The rain poured down unexpectedly and heavily in the city centre of Cape Town yesterday morning, on a day which the weather forecasters said would be sunny with temperatures reaching up to 30 degrees centigrade. It was probably, I thought (and I am not religious at all), the gods crying for Nelson Mandela.
My emotions have been up and down over the past few days. There have been moments when I have felt that we should celebrate – especially the end of 95 special years on earth of a special human being – but there have also been moments when I have felt that I just wanted to bawl my eyes out.
Even in death, Madiba has had this up-and-down effect on me and, I suppose, the rest of the world.
Madiba has always been my hero, even when he was on Robben Island and I was a youngster growing up on the Cape Flats. To have been editor of the Cape Times when he was president of our country, and to have to interact with him on a regular basis, was something that I could never have dreamed of when I was younger.
In many ways, Madiba has been all things to all people. It has been amazing in the past few days to witness people paying tribute to Madiba while completely rejecting the African National Congress, the party that he served as a loyal servant for most of his life.
Madiba is on record as saying that he will go the Pearly Gates and immediately inquire about the local ANC branch. This seems not to have put off the millions of people throughout the country and the world – including the opposition Democratic Alliance – who continue to idolise our country’s greatest son.
I have been wondering over the past few days what it was about this Communist, leader of the ANC’s military wing umKhonto we Sizwe, and, by all accounts, rabble rouser in his youth (he used to regularly break up the opposition’s rallies, according to people who knew him then) that made him so special.
What probably made him so special is the fact that he has always had Ubuntu, he has always and would do everything in his power to help people. The other thing is that he was never afraid of change or changing his views.
Yesterday morning I received an email from a friend who pointed out that British Prime Minister David Cameron – who last week described Mandela as “a hero of mine” and announced that flags at 10 Downing Street would fly at half-mast in honour of Madiba – had once belonged to a right-wing student organisation that had initiated a campaign to hang Mandela and others like him.
I could not help thinking about why some people keep on harping on about the past, especially at this time when we are mourning the loss of Madiba, even though I understand that in South Africa, the past is still very much with us.
But to want to persecute Cameron based on what he did in his student days was a bit out of line, I thought. We all did stupid stuff when we were students.
I was among many who felt betrayed when the ANC co-opted the homelands and discredited “coloured” and “Indian” leaders immediately after the organisation was unbanned. When the Nationalist Party, which had been responsible for killing so many of our people in defence of Apartheid, eventually disbanded and joined up with the ANC, it was not unexpected but I still felt disgusted.
Yes, you can say that politics is all about numbers but there was something about Madiba’s values in all of this, including the ability to embrace people who might have been on the other side of the fence – or even worse, the other side of a gun barrel – from you.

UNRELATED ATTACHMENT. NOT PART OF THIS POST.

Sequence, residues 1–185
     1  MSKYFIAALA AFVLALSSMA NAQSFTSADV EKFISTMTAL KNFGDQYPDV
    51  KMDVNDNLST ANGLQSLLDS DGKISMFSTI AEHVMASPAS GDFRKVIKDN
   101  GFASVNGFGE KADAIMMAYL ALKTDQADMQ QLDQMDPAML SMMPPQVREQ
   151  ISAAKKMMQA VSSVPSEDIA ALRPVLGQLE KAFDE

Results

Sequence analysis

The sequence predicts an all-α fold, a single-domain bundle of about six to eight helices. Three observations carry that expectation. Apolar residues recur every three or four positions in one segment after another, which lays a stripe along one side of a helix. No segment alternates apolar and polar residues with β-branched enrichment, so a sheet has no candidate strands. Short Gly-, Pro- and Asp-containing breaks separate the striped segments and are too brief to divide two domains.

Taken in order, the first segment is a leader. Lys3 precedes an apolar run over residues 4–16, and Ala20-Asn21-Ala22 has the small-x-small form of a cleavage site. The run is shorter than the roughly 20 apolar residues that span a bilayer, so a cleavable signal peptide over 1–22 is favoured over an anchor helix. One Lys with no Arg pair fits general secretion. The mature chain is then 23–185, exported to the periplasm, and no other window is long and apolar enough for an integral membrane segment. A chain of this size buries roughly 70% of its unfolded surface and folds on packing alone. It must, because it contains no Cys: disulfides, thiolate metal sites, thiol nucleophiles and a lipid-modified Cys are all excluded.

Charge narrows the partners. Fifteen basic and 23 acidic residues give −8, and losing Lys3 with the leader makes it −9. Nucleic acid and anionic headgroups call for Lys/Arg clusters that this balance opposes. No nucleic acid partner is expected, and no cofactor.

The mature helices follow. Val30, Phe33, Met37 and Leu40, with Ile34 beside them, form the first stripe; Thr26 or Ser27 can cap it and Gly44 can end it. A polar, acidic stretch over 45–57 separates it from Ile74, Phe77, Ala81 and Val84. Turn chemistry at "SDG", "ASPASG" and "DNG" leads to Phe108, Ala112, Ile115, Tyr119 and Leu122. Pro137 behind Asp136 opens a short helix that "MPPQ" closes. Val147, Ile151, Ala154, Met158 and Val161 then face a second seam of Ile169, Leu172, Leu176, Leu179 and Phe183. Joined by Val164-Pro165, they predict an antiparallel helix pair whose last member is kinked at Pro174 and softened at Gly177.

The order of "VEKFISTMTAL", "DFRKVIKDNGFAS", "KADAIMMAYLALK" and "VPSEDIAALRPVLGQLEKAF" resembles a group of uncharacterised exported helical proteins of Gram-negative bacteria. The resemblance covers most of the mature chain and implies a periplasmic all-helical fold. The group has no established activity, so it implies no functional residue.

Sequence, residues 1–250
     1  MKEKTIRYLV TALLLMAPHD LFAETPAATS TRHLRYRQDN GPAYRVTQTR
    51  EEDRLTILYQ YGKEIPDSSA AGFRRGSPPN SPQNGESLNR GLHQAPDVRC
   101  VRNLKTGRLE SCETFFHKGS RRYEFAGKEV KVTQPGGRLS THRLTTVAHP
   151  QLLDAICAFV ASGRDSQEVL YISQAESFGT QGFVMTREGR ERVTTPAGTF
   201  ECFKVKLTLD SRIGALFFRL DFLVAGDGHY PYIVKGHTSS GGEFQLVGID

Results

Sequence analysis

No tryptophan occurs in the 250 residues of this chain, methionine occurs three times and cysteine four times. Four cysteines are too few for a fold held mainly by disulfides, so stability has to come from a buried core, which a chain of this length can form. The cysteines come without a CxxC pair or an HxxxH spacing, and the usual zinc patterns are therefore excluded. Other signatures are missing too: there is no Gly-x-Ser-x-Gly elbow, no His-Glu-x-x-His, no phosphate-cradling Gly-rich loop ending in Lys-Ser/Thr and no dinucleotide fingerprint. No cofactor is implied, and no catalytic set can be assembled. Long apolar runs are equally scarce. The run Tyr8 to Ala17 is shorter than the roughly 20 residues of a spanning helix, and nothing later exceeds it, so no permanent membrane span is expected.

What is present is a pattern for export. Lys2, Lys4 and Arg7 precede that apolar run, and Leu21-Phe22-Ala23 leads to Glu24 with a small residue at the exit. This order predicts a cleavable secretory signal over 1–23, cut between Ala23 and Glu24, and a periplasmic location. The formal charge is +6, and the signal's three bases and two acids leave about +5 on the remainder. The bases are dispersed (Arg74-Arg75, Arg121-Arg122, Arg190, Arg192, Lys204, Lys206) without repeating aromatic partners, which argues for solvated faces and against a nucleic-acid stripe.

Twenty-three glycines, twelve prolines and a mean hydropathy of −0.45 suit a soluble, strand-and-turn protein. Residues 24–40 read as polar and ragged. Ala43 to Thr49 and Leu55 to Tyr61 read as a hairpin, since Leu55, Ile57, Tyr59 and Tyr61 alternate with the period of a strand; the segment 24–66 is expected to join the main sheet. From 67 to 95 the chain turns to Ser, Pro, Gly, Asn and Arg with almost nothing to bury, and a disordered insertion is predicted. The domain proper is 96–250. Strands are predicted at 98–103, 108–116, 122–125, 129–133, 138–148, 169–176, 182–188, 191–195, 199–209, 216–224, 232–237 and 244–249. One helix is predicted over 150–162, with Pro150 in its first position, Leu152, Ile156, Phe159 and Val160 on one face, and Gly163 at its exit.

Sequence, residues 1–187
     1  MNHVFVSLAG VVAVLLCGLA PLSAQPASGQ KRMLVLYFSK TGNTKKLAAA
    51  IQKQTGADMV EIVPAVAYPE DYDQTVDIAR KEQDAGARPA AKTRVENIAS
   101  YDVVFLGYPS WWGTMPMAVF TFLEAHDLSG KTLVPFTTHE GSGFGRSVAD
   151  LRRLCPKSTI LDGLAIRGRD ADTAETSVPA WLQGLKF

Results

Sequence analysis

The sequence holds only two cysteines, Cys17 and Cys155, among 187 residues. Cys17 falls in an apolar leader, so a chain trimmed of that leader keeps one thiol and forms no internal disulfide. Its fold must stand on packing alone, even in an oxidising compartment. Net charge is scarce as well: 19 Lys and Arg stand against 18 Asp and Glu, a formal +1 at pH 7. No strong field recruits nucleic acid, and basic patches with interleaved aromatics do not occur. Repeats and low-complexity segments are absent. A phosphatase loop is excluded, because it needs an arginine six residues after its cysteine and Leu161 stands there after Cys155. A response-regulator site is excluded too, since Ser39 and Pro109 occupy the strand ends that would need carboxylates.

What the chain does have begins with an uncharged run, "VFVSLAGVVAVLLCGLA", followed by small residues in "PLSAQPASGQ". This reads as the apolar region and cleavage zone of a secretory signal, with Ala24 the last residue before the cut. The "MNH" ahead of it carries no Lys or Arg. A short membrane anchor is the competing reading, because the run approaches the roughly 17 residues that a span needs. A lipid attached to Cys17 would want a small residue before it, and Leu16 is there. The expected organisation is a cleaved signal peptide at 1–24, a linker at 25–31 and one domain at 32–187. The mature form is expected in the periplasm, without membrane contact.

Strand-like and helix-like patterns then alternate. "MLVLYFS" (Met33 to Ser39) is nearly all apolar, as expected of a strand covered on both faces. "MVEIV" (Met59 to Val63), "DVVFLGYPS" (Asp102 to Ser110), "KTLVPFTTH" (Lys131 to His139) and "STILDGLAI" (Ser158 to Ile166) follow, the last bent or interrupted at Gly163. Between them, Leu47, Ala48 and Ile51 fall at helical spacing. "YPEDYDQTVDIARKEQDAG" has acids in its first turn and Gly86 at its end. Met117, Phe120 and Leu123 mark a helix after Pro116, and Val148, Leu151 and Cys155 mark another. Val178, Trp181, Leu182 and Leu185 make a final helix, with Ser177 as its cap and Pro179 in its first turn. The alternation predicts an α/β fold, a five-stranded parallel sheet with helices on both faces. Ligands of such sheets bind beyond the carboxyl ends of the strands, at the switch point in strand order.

I have been honoured for the past year or so to edit easily the biggest book that will ever be produced about Nelson Mandela, called the Mandela Opus. His passing last week has given us an unexpected but probably fitting final chapter for the book.
For the past few months I have been traversing the country speaking to people about their relationship with Nelson Mandela and I have never experienced anyone who was so universally loved.
The lesson that many people I interviewed will take out of Madiba’s life is his humility.
The lesson that I am going to take out of Madiba’s life is to try to be more tolerant of people who might be different to me and whose history and background might not be the same as mine.
However, I remain mindful that embracing Nelson Mandela need to go much further than embracing an individual. It needs to extend to embracing the values that he held dear, including a commitment to non-racialism and non-sexism and a commitment to a more equitable society, one in which everyone would have equal access to opportunities and to basic requirements such as housing, education, justice and safety and security.
Embracing Madiba’s values are not easy for most people because our natural inclination is not to be non-sexist and non-racist. Our natural inclination is not to seek out people who are different to us and befriend them.
But if we really and truly want to keep Madiba’s legacy alive, we need to embrace these values in more than words. We need to live them. Otherwise Madiba and his values will soon become a thing of the past. DM
Ryland Fisher has more than 30 years of experience in the media industry as an editor, journalist, columnist, author, senior manager and executive. Among his media assignments were as Editor of the Cape Times and The New Age and as assistant editor at the Sunday Times.Fisher is the author of Race (published 2007), a book dealing with some of the issues related to race and racism in post-apartheid South Africa. His first book, Making the Media Work for You (2002), provided insights into the media industry in South Africa. He is executive chairperson of the Cape Town Festival, which he initiated while editor of the Cape Times in 1999 as part of the One City Many Cultures project. He also runs a consultancy focusing on media and social cohesion.
Despite receiving a knighthood from the Queen, Bill Gates cannot use the title "Sir" due to his being American.